If you’ve enjoyed this beef stock recipe or any recipe on this site, give it a 5-star rating and tell us about it in the comments below.
- 5 pounds beef bones for stock or a combination of knucklebones, oxtails or saved thick beef or veal bones with lots of marrow see below
- 3 tablespoons olive oil
- 2 large carrots cut into 3-inch pieces
- 3 ribs celery cut into 3-inch pieces, use leaves too
- 2 medium yellow onion cut in half
- 5 cloves garlic
- 2 dry bay leaves
- 1 bunch flat leaf parsley
- 15 peppercorns
- 10 sprigs fresh thyme
- 1 tablespoon white vinegar
- water approximately 8 quarts but use enough to fill above all ingredients
Roast the bones
- Preheat oven to 425f and set the rack on the middle level. Place the beef bones on a baking sheet (use two if overcrowded) and drizzle the olive oil on the bones. Using your hands coat the bones with the oil.
- Roast the beef bones for 1 hour, turning the bones at the halfway point.
- Once the bones are roasted, place them into a 16-quart or larger stockpot.
Deglaze the roasting trays
- Pour off the fat from the sheet pan.
- Place the empty beef roasting sheet pan on the stovetop and turn the heat to medium. Add 3/4 cup of water to the pan and scrape all of the brown bits off the pans with a flat wooden spoon or a spatula. Pour all of the liquid from both pans into the pot.
Simmer the stock
- Add all of the remaining ingredients into the pot and add enough water to cover all of the ingredients. Bring to a boil over medium-high heat.
- Once boiling skim the scum from the top with a large flat spoon or ladle. Turn the heat down to a very low level where the stock is very gently simmering.
- Simmer for 9-10 hours, skimming the scum every 45-60 minutes.
Straining the stock
- After 9-10 hours the stock will have reduced substantially. Turn off the heat and strain the stock. Place a sieve or colander over an empty pot and line it with cheesecloth or coffee filters.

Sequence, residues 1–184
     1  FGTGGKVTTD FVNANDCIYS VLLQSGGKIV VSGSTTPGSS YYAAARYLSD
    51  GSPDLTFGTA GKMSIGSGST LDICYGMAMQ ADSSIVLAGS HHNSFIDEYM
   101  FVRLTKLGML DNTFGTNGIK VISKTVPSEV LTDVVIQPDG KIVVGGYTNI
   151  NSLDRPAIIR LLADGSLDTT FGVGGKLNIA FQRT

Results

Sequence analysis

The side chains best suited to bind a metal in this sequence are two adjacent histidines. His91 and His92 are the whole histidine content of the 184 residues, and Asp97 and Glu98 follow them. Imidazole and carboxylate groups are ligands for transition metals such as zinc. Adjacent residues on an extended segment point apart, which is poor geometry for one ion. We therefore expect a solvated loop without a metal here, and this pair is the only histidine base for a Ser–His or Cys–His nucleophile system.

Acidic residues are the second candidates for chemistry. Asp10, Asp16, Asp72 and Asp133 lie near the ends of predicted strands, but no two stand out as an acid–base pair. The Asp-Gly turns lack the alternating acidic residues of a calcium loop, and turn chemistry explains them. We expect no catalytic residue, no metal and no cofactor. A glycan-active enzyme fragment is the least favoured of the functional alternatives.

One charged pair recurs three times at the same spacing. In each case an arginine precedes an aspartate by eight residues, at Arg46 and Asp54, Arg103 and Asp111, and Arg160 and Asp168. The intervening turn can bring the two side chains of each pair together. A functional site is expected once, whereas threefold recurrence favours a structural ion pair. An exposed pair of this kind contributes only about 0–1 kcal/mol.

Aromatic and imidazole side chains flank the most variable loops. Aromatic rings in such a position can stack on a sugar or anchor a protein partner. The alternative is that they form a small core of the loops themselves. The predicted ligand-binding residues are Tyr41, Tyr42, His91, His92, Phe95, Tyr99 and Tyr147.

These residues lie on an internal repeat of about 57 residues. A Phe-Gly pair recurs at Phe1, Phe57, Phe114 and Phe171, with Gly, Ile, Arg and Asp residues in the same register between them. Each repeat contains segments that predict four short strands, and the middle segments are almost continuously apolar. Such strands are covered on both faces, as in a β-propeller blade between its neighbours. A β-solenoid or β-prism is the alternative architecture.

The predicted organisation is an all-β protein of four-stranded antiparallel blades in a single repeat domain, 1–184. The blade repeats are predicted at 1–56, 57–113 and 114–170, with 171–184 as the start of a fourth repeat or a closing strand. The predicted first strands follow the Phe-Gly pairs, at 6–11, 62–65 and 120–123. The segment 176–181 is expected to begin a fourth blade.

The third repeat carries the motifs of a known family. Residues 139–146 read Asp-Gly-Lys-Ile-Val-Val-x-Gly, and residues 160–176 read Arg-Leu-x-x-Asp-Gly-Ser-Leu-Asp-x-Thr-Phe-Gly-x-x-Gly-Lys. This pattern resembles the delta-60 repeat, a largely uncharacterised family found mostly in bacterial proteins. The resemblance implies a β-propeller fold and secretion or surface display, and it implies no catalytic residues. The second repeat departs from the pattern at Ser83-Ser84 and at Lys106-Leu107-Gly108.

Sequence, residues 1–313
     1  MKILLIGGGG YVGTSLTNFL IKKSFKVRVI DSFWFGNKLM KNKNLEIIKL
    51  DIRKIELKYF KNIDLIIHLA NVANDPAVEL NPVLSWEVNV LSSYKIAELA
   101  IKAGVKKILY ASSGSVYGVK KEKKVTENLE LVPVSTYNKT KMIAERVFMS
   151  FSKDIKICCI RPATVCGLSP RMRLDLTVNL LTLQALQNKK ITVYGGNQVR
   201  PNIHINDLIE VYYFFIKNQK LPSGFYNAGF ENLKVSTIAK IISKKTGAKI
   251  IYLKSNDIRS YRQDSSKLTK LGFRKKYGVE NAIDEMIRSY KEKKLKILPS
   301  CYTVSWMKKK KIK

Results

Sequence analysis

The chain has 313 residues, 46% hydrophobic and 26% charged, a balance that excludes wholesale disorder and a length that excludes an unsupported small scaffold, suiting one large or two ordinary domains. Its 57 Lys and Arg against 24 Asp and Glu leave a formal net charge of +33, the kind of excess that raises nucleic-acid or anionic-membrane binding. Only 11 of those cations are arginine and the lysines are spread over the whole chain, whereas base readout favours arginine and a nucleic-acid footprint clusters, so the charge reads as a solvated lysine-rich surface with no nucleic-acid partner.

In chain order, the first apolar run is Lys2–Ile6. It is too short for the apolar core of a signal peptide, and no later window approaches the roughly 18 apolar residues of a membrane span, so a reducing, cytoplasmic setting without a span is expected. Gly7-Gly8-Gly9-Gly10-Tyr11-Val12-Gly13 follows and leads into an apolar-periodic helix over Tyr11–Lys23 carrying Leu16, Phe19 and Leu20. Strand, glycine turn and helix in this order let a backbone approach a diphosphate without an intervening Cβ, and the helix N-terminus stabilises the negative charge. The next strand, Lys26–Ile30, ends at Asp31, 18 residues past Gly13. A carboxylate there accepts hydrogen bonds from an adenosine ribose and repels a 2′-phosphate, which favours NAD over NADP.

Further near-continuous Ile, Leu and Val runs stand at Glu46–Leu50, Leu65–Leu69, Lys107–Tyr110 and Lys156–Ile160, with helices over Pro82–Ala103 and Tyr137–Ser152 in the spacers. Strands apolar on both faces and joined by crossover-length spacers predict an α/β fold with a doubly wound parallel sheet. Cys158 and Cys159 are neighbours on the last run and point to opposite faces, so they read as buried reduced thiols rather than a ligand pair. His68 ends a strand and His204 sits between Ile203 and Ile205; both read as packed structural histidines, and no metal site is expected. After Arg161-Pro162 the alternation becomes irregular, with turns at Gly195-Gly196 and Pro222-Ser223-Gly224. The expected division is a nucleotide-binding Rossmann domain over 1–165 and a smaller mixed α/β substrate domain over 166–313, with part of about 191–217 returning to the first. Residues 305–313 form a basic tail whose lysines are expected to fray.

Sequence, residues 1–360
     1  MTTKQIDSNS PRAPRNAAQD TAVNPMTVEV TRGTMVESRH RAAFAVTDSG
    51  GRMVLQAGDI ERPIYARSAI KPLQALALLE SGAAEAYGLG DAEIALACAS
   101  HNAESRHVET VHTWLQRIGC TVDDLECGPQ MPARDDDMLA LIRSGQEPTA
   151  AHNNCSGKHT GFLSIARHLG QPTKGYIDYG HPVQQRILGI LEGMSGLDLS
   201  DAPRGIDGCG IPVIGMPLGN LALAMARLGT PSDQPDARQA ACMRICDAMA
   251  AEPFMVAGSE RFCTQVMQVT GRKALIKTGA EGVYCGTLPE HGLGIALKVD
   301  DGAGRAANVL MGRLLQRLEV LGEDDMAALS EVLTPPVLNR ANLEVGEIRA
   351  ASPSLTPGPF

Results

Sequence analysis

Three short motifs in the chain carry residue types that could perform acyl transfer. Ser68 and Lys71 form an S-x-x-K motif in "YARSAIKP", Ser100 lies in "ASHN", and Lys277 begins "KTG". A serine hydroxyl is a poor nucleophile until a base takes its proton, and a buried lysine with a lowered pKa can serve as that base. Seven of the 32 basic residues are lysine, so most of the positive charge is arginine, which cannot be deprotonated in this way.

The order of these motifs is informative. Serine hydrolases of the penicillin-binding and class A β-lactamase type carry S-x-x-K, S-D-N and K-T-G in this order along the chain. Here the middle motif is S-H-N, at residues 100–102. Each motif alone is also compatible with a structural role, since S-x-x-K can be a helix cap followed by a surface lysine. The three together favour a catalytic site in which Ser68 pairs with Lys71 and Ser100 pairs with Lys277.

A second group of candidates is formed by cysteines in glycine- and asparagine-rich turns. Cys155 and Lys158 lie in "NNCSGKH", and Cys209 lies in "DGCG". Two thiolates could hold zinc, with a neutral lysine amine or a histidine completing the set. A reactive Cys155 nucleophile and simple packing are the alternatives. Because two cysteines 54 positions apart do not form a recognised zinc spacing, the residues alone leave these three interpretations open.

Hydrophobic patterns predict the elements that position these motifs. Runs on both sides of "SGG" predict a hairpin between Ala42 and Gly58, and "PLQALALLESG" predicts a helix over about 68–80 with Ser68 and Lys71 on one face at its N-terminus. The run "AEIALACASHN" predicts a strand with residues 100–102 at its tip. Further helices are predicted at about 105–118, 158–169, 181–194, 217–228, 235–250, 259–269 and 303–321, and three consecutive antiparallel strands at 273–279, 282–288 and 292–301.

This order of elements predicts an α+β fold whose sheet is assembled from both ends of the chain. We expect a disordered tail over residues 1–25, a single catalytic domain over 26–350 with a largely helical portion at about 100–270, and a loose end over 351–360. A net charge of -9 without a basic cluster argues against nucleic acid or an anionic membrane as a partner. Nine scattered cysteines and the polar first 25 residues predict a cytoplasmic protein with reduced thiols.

- First, gently remove most of the bones and vegetables from the pot then pour or ladle the stock (a small pot with a long handle works well as a big ladle) into the cheesecloth-lined strainer.
- You should be left with approximately 4 quarts of stock. If you have substantially more than that simply reduce the stock in a pot before storing.
- Let the stock cool then divide into storage containers. After refrigerating or freezing the solidified fat will be at the top of each container, protecting the flavor of the stock. The fat can be saved for another use or easily removed and discarded right before using. See below for storage notes.
- This recipe makes approximately 4 quarts of beef stock. If you have substantially more than that, the stock will be too weak. Pour the stock into a clean pot and reduce until down to 4 quarts before storing.
- Beef neck, shin, oxtail, ribs, and knuckle all work well for beef stock. You can use a variety of bones or any of these and achieve great results.
- We recommend no salt in stocks. Salt accordingly, when using stocks to make your desired recipe.
- Storing in smaller containers is recommended. 1-quart containers are how we typically store stock. But smaller amounts can be stored in ice cube trays or other smaller containers.
- The stock can be stored in the fridge for up to 5 days or in the freezer for up to 6 months.
- It’s best to leave the fat cap during storage, since it provides a protective seal at the top of the container which locks in the flavor. Simply remove the fat cap upon use, or save the fat for another use.
Nutrition information is automatically calculated, so should only be used as an approximation.